At least 111 cases of sudden hepatitis have been identified in children in the UK, with doctors revealing amid “growing” evidence that the problem is linked to adenovirus.
The UK’s Health Protection Agency said it could not rule out other possible causes, such as Covid, which it is also investigating, but that an adenovirus has been identified in 40 of the 53 cases tested so far.
In Britain, cases have reached 81 in England, 14 in Scotland, 11 in Wales and five in Northern Ireland, most of whom are patients under the age of five.
No child deaths have been confirmed in Britain, the World Health Organization said, adding that there have been 169 cases globally with at least one child who died of the disease.
So far eleven children have needed a “super urgent” liver transplant within the past three months because of the virus.
This represents an increase in the need for transplants in the UK, where liver transplants usually occur in children under 80 each year.
Adenoviruses are a family of common viruses that cause mild illnesses such as colds, vomiting, and diarrhea. They are common in children and do not usually cause hepatitis but can be some type of rare complication.
Officials are investigating whether there is a cofactor affecting young children that is making common adenovirus infections more severe or triggering a specific immune response. This includes decreased exposure to the virus, increased susceptibility due to a past or current COVID infection.
Of the cases, 16 per cent children had tested positive for Covid-19 from January to April. However, it was during the period when the spread was high, experts have indicated. No link has been identified for COVID vaccines and no child under the age of 10 has been vaccinated.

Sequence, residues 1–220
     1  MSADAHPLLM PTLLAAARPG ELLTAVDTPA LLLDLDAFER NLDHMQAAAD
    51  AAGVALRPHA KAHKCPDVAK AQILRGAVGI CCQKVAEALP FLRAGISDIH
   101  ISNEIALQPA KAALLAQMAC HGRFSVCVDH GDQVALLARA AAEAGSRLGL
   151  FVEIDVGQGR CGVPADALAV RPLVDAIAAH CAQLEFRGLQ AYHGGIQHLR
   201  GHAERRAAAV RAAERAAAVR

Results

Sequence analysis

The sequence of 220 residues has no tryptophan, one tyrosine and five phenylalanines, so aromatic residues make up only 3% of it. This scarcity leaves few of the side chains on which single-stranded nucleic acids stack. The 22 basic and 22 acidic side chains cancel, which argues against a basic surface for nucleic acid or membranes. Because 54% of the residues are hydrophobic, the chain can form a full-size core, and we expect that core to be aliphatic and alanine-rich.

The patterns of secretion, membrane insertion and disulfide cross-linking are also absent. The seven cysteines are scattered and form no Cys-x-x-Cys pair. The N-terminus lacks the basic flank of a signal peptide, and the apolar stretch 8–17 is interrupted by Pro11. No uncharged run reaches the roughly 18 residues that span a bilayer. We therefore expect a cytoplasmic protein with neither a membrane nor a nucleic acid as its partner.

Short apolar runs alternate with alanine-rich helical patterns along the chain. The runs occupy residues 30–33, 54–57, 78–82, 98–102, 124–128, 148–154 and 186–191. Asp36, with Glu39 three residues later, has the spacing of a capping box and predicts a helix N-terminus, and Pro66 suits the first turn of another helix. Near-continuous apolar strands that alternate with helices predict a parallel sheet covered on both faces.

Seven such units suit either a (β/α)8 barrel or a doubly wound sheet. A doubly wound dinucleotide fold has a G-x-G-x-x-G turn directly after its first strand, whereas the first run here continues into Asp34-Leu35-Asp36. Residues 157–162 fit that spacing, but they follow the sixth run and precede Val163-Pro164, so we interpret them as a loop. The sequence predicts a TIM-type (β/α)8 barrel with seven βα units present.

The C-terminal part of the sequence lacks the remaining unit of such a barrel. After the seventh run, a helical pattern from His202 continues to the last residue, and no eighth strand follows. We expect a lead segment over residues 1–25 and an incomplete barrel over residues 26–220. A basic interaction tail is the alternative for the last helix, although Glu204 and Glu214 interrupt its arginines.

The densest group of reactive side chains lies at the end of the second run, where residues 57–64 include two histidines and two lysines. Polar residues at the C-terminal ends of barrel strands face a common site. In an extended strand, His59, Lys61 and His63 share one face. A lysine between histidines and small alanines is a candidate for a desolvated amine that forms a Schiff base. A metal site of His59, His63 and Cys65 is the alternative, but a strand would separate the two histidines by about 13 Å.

Experts are investigating any individual medical conditions that may be linked, although none have yet been identified.
Dr Meera Chand, Director of Clinical and Emerging Infections at UKHSA, said: “The information gathered through our investigation increasingly suggests that this increase in sudden-onset hepatitis in children is associated with adenovirus infection. However, We are thoroughly investigating other possible causes.
“Parents and guardians should be alert for symptoms of hepatitis (including jaundice) and contact a health care professional if they are concerned. General hygiene measures such as thorough hand washing (including child care) And good respiratory hygiene helps reduce the spread of many common infections, including adenovirus. Children experiencing symptoms of gastrointestinal infections such as vomiting and diarrhea should stay home and for 48 hours after symptoms have stopped. Should not return to school or nursery.
Symptoms of hepatitis include yellowing of the whites of the eyes or skin (jaundice), dark urine, yellow, brown stools, itchy skin, muscle and joint pain, high temperature, feeling and being sick, unusual appearance including feeling tired. time, loss of appetite and abdominal pain.